the song thrush is a migratory bird with spotty brown feathers.

The Song Thrush: An Avian Migrant with Spotted Brown Plumage

GardenBy May 26, 2024

The Song Thrush: An Avian Migrant with Spotted Brown Plumage

The Song Thrush is a migratory bird that is commonly found in Europe and Asia. It belongs to the passerine order and the Turdidae family. The term “song thrush” actually refers to more than thirty species of birds that share similar characteristics. In France, four species of song thrushes are particularly common: the song thrush, the redwing, the fieldfare, and the mistle thrush. Let’s take a closer look at these beautiful birds with spotted brown plumage.

About the Song Thrush

  • Order: Passeriformes
  • Family: Turdidae
  • Genus: Turdus (and others)

The name “song thrush” actually refers to several species of birds (over thirty) that all belong to the Turdidae family and the Turdus genus, just like the blackbird. However, other genera are also accepted for some species that live outside of Europe, including Catharus, Hylocichla, Brachypteryx, Zoothera, Nesocichla, Dendrocincla, Amalocichla, Myadestes, Formicarius, and Illadopsis. Nevertheless, all of these songbirds share many similarities that allow for a general description.

The song thrush is known for its spotted brown plumage, although different color variations can be observed depending on the species. Unlike some birds, there is no sexual dimorphism in song thrushes, meaning that males and females have the same plumage as adults.

Physically, the song thrush closely resembles the blackbird, as they both belong to the same Turdus genus. They have similar sizes and silhouettes.

Habitat of the Song Thrush

The song thrush does not have a specific habitat. However, it prefers meadows where it can find food, as well as woodlands, groves, and hedges. Some species, such as the redwing, also venture into gardens and urban green spaces.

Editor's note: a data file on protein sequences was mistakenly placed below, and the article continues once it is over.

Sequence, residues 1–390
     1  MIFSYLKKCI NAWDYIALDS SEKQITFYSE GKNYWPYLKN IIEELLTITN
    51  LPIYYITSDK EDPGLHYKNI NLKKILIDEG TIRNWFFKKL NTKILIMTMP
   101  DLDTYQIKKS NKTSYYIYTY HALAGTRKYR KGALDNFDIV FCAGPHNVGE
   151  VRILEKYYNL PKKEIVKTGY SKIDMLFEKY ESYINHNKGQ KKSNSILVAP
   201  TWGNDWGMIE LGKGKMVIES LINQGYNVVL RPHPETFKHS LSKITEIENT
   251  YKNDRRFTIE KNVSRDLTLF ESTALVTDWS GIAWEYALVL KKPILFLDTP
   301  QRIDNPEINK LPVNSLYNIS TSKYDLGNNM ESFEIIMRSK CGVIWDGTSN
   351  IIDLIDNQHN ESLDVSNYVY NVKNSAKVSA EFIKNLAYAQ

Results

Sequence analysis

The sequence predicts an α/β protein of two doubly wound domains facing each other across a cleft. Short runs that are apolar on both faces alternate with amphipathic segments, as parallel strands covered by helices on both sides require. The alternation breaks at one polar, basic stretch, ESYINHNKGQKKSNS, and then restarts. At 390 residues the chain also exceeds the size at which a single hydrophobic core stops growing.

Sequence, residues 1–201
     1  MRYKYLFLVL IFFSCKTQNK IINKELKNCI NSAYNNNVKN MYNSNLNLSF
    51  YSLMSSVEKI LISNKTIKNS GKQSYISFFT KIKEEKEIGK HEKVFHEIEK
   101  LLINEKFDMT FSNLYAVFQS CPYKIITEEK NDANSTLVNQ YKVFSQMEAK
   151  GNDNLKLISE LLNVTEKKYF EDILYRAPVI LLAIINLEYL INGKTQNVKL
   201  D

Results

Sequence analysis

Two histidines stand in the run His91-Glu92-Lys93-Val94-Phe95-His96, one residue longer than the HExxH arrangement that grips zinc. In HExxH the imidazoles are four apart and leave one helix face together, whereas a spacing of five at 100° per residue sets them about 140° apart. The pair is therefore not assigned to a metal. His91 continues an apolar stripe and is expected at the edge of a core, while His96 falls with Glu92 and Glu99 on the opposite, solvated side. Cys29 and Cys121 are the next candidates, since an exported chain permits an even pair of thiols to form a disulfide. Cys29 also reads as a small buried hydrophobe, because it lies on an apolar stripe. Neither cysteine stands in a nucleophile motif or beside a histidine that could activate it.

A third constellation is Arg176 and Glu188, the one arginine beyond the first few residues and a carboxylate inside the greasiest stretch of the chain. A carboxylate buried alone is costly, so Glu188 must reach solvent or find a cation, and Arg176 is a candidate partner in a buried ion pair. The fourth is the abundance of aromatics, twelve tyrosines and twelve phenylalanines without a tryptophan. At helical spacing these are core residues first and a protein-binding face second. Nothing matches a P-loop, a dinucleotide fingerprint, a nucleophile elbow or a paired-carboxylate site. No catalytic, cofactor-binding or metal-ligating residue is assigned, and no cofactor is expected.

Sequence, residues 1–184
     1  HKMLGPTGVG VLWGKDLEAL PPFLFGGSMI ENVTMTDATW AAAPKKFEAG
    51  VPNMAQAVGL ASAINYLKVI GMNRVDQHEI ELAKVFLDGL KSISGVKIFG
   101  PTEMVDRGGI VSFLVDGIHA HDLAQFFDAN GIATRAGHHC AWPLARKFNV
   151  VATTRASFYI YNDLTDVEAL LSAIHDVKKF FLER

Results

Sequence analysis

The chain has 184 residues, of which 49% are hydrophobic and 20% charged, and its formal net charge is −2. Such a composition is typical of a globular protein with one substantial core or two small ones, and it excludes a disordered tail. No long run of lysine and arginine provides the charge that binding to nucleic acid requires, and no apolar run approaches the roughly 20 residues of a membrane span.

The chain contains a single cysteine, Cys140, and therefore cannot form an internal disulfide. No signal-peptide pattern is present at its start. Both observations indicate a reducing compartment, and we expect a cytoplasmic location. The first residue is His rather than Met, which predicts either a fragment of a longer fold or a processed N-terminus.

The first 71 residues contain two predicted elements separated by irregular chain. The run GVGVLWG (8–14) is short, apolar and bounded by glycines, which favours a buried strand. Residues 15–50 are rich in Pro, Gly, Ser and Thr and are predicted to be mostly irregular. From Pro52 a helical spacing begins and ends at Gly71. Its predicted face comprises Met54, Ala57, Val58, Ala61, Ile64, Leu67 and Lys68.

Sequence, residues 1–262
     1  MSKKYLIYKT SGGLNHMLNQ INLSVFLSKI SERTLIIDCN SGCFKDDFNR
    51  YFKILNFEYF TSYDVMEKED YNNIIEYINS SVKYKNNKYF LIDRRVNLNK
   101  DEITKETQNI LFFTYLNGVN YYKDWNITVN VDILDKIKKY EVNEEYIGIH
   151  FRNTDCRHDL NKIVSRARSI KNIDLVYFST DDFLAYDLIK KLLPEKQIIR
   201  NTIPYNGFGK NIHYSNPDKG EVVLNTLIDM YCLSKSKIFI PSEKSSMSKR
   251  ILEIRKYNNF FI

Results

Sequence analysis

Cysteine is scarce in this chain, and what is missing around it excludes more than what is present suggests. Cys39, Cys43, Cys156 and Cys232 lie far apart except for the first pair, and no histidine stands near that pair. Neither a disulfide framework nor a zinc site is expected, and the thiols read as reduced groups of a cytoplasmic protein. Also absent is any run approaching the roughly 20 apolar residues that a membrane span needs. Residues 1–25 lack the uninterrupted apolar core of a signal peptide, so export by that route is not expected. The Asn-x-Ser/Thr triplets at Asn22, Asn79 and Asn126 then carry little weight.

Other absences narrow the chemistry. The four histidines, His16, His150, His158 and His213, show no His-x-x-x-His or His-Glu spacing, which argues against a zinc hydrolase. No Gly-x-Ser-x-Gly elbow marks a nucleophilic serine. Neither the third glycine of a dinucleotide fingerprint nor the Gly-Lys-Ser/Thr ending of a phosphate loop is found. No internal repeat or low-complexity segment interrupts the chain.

A Variable Diet

The diet of the song thrush varies depending on the season. In autumn and winter, these birds primarily feed on berries and small fruits, such as hawthorn, holly, ivy, and mistletoe. As spring and summer approach, their diet becomes more diverse, including earthworms, spiders, snails, and slugs.

Reproduction of the Song Thrush

Several species of song thrushes breed in France, but the redwing does not, as it reproduces in northern countries. The breeding period varies depending on the species. Nesting for the mistle thrush occurs from April to the end of June, for the song thrush from March to the end of August, for the redwing from May to mid-July, and for the fieldfare from May to the beginning of August.

Song thrushes build their nests in trees, usually at heights ranging from 2.5 to 9 meters. The mistle thrush is the only species that nests on the ground, hidden under bushes. Each breeding season, a song thrush can have 2 to 3 broods, with each brood consisting of 4 to 6 eggs. The female incubates the eggs for 12 to 15 days, and the chicks become independent approximately 30 days after hatching.

Main Species of Song Thrushes

There are four main species of song thrushes that can be frequently seen in Europe: the song thrush, the redwing, the fieldfare, and the mistle thrush. Let’s take a closer look at each species to learn how to recognize them.